Elder law planning focuses on helping seniors plan for future  needs for long term care.  This planning larges centers around preservation of government benefits to pay for long term care.  The words “Government Benefits” and “Medicaid” often cause people to respond that these services are not for them because they have money.  It is true for many of our clients who are middle class, lived frugally,  and have amassed a decent amount of savings.  For those with decent savings, determining whether to plan for long term care benefits is not an easy decision.

The question of whether a person has too much  money to warrant planning for long term care benefits depends on numerous factors.  Whether the person is married or single.  Their age.  The type of care they need.  Whether they have dependents who need to be cared for.  These and many other questions can influence whether elder law planning is needed.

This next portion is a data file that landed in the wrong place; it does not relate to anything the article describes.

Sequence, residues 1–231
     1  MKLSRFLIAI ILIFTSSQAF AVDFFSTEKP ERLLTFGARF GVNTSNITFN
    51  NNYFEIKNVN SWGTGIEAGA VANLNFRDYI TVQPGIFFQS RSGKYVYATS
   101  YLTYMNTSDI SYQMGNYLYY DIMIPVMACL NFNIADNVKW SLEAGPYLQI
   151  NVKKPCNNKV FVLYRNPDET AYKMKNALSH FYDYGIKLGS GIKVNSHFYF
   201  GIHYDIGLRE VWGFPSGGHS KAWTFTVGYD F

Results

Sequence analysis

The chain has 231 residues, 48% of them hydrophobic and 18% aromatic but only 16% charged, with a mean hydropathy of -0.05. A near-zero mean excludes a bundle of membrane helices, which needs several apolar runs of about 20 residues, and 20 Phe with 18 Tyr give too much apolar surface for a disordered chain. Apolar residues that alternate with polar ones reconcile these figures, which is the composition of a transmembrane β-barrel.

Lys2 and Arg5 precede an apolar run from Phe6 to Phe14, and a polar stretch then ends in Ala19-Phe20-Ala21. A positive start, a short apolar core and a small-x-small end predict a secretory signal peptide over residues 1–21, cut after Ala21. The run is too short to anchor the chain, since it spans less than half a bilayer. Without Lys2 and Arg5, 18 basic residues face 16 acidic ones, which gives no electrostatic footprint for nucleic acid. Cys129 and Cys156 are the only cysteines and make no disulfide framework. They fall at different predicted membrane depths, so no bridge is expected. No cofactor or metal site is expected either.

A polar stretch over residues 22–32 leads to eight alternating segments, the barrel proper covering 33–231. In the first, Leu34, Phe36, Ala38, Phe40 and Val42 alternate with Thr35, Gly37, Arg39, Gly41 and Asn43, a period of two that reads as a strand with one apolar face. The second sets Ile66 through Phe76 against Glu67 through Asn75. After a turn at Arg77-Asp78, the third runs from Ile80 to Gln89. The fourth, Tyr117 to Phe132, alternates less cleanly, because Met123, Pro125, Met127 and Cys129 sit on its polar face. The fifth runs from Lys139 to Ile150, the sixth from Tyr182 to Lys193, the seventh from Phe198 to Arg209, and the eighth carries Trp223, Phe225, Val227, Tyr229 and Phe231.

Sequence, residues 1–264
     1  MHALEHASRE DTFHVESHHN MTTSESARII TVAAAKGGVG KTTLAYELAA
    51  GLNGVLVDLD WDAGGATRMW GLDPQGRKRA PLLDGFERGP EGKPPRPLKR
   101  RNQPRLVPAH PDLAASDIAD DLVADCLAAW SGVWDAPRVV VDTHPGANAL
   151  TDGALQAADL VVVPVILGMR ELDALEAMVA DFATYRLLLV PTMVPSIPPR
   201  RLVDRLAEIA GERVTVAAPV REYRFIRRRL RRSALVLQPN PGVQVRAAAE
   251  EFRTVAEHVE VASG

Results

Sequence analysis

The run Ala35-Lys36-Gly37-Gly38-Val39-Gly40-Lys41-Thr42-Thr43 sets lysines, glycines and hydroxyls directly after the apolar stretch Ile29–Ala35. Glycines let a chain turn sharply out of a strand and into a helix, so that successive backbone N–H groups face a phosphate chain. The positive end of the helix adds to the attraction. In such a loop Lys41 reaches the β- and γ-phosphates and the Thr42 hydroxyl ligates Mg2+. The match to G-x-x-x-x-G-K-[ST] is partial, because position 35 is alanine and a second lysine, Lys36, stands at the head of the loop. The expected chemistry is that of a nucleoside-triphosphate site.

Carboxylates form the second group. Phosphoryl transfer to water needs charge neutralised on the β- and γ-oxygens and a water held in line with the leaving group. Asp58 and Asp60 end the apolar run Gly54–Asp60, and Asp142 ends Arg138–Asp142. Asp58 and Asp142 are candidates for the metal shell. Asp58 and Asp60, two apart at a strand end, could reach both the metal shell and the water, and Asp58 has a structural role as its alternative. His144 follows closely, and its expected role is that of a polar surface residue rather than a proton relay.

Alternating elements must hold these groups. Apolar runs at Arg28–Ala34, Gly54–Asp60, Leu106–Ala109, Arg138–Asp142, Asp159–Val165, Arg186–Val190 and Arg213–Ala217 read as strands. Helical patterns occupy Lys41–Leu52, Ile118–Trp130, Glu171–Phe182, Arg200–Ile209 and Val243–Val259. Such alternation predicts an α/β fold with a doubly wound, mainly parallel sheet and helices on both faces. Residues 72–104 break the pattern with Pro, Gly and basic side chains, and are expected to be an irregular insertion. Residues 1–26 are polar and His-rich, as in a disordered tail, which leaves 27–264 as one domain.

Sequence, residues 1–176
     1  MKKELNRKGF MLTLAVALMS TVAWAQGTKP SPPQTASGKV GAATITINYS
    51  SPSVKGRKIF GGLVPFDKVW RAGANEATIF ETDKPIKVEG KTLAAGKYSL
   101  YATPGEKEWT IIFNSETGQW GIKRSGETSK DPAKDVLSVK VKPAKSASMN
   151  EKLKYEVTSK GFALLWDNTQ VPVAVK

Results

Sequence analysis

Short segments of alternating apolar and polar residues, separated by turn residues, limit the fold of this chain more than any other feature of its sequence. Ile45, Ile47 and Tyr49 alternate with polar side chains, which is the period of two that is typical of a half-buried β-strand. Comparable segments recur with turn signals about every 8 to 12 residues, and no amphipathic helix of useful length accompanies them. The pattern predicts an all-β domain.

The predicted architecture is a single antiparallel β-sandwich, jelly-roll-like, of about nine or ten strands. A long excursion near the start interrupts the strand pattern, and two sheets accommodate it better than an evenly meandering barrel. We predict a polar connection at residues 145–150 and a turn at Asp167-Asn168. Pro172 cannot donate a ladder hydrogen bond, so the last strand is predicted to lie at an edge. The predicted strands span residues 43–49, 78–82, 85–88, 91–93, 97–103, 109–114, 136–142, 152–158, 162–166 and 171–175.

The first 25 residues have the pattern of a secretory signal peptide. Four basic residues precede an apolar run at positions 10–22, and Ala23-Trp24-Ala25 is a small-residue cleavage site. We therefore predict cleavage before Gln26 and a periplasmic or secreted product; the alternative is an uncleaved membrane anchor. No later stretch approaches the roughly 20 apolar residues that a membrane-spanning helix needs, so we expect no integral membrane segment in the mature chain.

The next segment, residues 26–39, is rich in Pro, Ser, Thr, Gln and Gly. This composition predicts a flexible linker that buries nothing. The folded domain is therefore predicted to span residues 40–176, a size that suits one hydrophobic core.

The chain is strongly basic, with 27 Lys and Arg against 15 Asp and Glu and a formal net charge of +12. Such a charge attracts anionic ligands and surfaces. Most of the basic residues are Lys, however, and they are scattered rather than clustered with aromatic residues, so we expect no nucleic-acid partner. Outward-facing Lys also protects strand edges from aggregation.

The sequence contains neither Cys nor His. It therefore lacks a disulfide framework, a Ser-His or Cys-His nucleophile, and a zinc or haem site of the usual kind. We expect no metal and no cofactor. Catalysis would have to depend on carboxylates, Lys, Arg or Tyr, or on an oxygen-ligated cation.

For example, if a 73 year old woman has $600,000 in assets, she may or may not need to consider long term care planning.  If she is single, has no children, and has monthly income greater than her monthly care needs, she may not benefit from long term care planning.  However, if she is a widow, has $5,000 more in medical  expenses than her income, and has a child with special needs, long term care planning may be appropriate.  If she were to live ten more years, she would exhaust her entire savings.  A long term benefit plan using a combination of VA Pension and Medicaid will ensure that she does not exhaust her funds.

Many financial experts seek to state a certain level of assets above which elder law planning is not necessary.  This is not the right approach; if you or a loved one has a question of whether elder law planning is needed, schedule a free consultation with an experienced elder law attorney.